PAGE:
• IUP had its highest number of new, first-time students since 2018, and overall enrollment increased for the first time in 11 years.
    • Kutztown set record highs for its incoming freshman GPA and new-student diversity.
    • Millersville saw a nearly 5% increase in graduate students. 
    • PennWest exceeded by 1.1% its first-year student enrollment goal used in budget planning.
    • Shippensburg’s dual enrollment program, Ship Start, increased 35%, and the university saw 20% growth in new graduate students.
    • Slippery Rock had its largest first-year class since 2019 and record enrollment of graduate students. 
    • West Chester had its largest ever first-year class and had a 4% increase in out-of-state students.
    “We are pleased the strategy to freeze tuition and align more programs to in-demand careers is benefiting students,” said Chancellor Greenstein. “We know that Pennsylvania needs State System universities to help address worker shortages in healthcare, STEM, business and education, all of which are among our strongest and most enrolled programs. We are focused on preparing more Pennsylvanians to be both comprehensively educated and specifically skilled for good jobs that our state’s economy depends on.”

    Tuition freezes and aligning programs to in-demand jobs is attracting students

    Because of state investment by the General Assembly and Governors Wolf and Shapiro, totaling nearly 23% over the past two years, the PASSHE Board of Governors was able to freeze undergraduate tuition for an unprecedented fifth consecutive year. As a result, in-state undergraduate students – 88% of whom are Pennsylvania residents – have flat tuition for the sixth consecutive year (2018-19 to 2023-24). If tuition had kept pace with inflation since 2018, it would be 21% higher today.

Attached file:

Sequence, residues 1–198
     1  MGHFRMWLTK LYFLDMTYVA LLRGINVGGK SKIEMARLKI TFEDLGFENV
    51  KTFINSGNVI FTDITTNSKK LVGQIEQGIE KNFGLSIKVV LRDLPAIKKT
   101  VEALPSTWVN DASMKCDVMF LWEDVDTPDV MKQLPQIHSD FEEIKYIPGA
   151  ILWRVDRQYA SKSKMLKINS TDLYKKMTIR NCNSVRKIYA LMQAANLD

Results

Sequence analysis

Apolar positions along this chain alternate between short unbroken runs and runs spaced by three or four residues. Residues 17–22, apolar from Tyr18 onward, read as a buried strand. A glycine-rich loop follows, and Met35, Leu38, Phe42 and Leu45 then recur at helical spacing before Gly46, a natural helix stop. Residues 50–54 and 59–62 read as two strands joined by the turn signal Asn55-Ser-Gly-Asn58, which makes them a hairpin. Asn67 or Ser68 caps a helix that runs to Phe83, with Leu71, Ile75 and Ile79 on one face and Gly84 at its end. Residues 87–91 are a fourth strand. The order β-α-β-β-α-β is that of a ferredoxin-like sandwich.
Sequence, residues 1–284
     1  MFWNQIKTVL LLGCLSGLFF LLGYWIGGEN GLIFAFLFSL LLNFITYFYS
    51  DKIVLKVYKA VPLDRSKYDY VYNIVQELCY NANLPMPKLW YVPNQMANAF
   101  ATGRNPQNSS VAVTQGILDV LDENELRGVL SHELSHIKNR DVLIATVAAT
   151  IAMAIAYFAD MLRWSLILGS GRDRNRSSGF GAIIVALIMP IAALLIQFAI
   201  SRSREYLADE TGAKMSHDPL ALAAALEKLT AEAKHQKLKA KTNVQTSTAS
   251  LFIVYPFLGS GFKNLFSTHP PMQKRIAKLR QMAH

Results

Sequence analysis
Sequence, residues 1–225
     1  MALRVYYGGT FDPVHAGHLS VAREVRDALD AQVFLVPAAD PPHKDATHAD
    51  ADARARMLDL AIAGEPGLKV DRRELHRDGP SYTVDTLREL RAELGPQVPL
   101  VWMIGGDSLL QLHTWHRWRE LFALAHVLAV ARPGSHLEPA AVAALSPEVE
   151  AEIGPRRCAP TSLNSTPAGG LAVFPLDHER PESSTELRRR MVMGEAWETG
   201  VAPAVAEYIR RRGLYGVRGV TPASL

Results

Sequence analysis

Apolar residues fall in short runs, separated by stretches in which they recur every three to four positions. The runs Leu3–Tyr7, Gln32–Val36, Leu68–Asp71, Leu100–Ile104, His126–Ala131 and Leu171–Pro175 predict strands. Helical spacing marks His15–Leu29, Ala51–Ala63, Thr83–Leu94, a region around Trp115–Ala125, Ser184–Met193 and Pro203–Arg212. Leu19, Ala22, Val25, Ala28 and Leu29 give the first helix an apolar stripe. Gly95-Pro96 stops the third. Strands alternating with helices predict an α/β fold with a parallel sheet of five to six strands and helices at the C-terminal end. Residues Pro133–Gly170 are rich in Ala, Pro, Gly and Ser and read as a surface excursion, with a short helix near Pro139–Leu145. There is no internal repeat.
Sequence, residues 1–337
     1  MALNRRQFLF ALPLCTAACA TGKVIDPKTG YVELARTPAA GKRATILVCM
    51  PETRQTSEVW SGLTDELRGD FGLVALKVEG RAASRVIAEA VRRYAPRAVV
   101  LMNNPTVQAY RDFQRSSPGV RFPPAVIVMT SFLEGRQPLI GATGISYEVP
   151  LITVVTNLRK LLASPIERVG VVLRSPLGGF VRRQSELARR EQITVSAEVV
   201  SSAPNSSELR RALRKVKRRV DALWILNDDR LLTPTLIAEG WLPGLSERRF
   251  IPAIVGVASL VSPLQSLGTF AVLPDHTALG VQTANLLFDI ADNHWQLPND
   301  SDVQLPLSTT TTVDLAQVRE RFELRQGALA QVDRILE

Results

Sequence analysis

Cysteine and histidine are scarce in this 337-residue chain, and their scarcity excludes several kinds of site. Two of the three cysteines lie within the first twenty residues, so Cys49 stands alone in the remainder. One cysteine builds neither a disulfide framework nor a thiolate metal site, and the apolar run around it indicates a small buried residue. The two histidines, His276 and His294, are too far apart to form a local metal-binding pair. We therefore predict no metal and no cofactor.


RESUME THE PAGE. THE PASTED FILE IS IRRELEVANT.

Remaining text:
State System universities are a major contributor to the workforce and are partnering with the state to strengthen the pipeline from the classroom to the workforce. The State System’s academic strengths match industries with worker shortages, including healthcare, STEM, education and business. The number of PASSHE university graduates in those in-demand fields has increased since 2010, despite enrollment declines.

    PASSHE highlights: 

    • 82% of recent PASSHE graduates working in Pennsylvania majored in high-priority programs (healthcare, STEM, business, education and social services).
    • 77% of students are majoring in programs that lead to careers in high demand.
    • Over 35% of students have family incomes of $48,000 or less.
    • State System universities guarantee admission to transfer students with associate degrees from Pennsylvania community colleges.
    • College graduates earn $866,144 more over their careers than those without a degree.
    Last month, PASSHE joined Governor Shapiro and Google to announce a new partnership enabling students to earn a Google Career Certificate during some undergraduate courses, allowing them to earn college credit and an industry-recognized certificate at the same time.